38 Nooses: Lincoln, Little Crow, and the Beginning of The Frontier's End
In August 1862, after suffering decades of hardship, broken treaties, and relentless encroachment on their land, the Dakota leader Little Crow reluctantly agreed that his people must go to war. After six weeks of fighting, the uprising was smashed, thousands of Indians were taken prisoner by the US army, and 303 Dakotas were sentenced to death. President Lincoln, embroiled in the most devastating period of the Civil War, personally intervened to save the lives of 265 of the condemned men, but in the end, 38 Dakota men would be hanged in the largest government-sanctioned execution in U.S. history.
Writing with uncommon immediacy and insight, Scott W. Berg details these events within the larger context of the Civil War, the history of the Dakota people and the subsequent United States–Indian wars, and brings to life this overlooked but seminal moment in American history.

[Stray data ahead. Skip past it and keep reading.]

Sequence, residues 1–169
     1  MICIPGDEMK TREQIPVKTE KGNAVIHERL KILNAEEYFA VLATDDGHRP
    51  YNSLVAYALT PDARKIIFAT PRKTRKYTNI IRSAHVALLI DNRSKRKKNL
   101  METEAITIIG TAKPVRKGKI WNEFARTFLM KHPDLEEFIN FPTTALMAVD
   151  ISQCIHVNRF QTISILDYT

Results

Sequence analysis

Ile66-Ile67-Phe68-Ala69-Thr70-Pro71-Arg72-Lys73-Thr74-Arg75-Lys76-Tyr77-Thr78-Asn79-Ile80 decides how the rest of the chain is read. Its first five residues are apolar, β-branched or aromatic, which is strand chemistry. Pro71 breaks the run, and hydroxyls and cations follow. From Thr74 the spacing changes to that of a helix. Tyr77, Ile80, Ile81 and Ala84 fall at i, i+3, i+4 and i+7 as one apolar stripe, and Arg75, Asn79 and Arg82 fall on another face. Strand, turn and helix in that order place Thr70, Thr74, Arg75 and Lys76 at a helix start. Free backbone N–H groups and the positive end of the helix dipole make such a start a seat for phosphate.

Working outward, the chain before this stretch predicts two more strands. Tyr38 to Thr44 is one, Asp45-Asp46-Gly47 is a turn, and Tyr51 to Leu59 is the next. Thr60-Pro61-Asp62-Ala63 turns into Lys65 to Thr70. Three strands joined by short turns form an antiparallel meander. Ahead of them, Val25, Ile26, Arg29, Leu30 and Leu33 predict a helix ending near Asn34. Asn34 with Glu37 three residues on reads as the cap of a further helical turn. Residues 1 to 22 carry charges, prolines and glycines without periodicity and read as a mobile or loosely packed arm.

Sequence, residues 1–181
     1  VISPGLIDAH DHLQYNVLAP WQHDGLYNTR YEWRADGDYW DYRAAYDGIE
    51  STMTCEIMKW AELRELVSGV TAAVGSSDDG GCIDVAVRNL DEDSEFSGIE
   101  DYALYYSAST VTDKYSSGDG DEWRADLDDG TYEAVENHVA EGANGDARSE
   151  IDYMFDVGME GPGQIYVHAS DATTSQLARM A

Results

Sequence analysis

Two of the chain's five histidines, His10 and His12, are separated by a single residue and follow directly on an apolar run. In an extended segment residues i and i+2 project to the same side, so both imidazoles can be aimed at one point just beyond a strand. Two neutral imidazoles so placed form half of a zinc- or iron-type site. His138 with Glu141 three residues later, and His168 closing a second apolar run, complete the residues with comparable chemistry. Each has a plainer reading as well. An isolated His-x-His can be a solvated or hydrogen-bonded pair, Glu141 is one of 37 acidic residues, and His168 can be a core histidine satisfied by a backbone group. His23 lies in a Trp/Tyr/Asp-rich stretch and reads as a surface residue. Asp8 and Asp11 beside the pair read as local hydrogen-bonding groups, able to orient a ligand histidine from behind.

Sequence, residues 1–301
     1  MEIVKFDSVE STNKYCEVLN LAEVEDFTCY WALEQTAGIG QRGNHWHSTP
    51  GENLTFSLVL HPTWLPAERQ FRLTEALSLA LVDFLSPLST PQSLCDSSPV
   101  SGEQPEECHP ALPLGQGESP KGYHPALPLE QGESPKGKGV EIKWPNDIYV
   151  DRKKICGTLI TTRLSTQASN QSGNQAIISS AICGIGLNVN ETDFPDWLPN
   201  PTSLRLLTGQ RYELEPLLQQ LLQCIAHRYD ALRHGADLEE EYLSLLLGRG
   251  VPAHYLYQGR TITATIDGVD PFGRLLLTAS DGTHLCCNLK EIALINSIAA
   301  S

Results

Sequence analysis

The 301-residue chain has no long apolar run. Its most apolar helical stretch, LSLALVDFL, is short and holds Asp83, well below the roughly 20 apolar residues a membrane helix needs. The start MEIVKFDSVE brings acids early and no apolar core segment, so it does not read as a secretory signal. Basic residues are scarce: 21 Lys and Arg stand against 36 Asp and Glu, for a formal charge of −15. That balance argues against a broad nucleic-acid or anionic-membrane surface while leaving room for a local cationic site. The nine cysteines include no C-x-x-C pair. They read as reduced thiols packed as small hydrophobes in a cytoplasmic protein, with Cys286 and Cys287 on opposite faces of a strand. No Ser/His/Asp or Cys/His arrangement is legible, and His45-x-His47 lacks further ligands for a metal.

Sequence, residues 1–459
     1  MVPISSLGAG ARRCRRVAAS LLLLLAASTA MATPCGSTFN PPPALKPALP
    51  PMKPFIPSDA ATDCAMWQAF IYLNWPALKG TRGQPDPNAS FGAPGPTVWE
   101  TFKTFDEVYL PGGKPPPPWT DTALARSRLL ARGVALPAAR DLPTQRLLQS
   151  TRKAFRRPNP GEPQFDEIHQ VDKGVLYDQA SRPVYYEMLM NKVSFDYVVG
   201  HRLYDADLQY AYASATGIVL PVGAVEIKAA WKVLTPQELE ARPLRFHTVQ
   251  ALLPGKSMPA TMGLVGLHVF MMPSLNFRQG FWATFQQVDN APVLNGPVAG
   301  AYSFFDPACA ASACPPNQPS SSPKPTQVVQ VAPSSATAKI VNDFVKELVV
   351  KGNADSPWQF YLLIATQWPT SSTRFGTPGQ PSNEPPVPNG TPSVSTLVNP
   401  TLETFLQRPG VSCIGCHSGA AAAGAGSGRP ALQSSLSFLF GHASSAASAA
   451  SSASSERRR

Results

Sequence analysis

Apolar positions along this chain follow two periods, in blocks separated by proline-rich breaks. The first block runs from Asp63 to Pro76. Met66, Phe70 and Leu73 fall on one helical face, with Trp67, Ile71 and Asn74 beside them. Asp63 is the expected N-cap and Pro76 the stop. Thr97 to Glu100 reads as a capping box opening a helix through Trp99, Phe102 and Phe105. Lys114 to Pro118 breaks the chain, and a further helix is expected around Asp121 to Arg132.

About the author: Born and raised in the Twin Cities, Scott W. Berg holds a BA in architecture from the University of Minnesota, an MA from Miami University of Ohio, and an MFA in creative writing from George Mason University, where he now teaches writing and literature. The author of Grand Avenues: The Story of Pierre Charles L’Enfant, the French Visionary Who Designed Washington, D.C., he is a regular contributor to The Washington Post.
- Format: Paperback, 384 pages, 5 x 8 inches
- Publisher: Vintage; Reprint edition (2013)
- ISBN: 978-0307389138